According to a recent report by El PAÍS, a decree that was announced in 2021 trying to streamline the process was only implemented last October – and currently has little to show for helping move the process along.
They have quite the mountain of applications to deal with. The homologación de titutlos universitarios extranjeros (recognition of foreign university degrees) process currently has over 39,000 cases are pending opening – not pending completion, but opening – which doesn’t even cover applications that are still waiting to be completed and new applications from 2021.
“The decree that entered into force [on October 18 2022] sets a period of six months to be able to resolve the files,” said Universities minister Joan Subirats in December 2022.
Subirats went on to say that applicants who started before the date of the decree would need to close their previous application and begin a new one.
The decree also covers all those coming to Spain with foreign degrees, meaning returning citizens are part of an even bigger bottleneck.
“[We intend to] expedite paperwork and remedy the human drama of long waiting periods for those who have decided to start a new life in our country,” said former minister Manuel Castells in 2021. He resigned in December of that year, with the decree still waiting to be implemented.
The bureaucratic funnel that Spanish nationals have been facing has been growing since 2014, EL PAÍS says, and was naturally exacerbated by the pandemic.
The need for health workers in that period grew, and job shortages began to be a big problem in Spain over the last two years, with the government vowing to recruit more foreign workers to plug the gap. Spain has also begun enticing international students from outside the EU, to stay after graduation to help with the shortage.
Despite these efforts, it leaves people like US graduate Inmaculada Reina Sumariva behind – despite her being a Spanish citizen.
When Sumariva decided to return to Spain with her family, and she attempted to resume her work in her native Andalucía, she was unsuccessful.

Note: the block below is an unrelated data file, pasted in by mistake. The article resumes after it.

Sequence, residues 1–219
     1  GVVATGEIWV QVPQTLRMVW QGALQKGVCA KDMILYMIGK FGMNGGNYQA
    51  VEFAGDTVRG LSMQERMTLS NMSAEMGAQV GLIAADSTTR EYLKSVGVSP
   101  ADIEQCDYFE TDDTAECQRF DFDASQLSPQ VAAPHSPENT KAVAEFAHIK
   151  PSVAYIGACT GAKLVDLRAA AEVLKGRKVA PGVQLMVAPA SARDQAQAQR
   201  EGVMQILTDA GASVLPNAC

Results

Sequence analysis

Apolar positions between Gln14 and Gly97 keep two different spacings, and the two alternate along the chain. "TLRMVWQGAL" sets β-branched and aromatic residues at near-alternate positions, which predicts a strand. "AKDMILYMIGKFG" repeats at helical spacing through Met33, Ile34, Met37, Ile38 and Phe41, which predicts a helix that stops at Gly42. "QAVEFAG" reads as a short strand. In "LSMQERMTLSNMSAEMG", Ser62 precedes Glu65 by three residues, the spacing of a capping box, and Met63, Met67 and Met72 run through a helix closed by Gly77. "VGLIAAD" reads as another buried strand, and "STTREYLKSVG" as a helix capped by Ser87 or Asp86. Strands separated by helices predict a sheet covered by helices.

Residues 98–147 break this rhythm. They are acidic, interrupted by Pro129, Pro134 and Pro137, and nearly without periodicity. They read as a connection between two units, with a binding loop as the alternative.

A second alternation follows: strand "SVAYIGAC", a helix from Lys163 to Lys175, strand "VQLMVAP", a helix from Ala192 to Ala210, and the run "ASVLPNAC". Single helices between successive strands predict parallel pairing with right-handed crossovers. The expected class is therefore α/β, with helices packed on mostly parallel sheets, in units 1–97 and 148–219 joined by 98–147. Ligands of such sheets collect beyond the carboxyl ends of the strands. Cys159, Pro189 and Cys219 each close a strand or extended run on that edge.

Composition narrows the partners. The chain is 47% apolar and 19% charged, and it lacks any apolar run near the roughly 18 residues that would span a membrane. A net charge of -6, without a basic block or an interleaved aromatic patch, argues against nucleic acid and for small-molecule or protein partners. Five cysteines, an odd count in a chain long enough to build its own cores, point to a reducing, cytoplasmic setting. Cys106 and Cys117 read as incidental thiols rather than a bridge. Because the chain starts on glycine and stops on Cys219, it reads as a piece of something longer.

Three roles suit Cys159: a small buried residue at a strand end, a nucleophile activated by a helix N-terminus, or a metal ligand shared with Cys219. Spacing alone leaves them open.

“I have strong qualifications that aren’t recognised in my own country. I have been an ICU nurse manager at the Johns Hopkins Institute – the mecca of meccas – [and] I have worked at the Medical College of Georgia,” she recounted.
“Aren’t we supposed to be in the Bologna framework?”
Despite the aforementioned shortage of healthcare workers, especially nurses, she has been unable to get her degree validated – and has only managed to get a job working as a clinical assistant – far below her qualification.
Some 5,100 doctors and nurses got their job titles – gained from foreign degrees – approved last year, and as Sumariva recounts, she has been having to “wait her turn”.
Another case, Marta Perez, began in December 2019 to attempt validating her diploma in educational sciences from a university in French – according to her, the file wasn’t even opened until March 2022. She claims she cannot even talk to anyone by phone, and that the paper system, despite being slow, continues to be the only way she can communicate with the department dealing with her case.
Speaking to El PAÍS, she asked, “Aren’t we supposed to be in the Bologna framework?”
The ministry of finance’s team to deal with cases like Sumariva’s and Perez’s has been bolstered in recent months – in November, the ministry of Universities announced that the former would be gaining 64 “temporary” officials to help with the bottleneck.
The PIE News attempted to contact both Spain’s Ministry of Work and Social Economy, and the Ministry of Universities to clarify how long the issues relayed may take to resolve, and why returning Spanish students were being left behind, especially in the midst of a crippling labour shortage they could help solve.
Representatives from the former declined to comment, and the latter did not respond.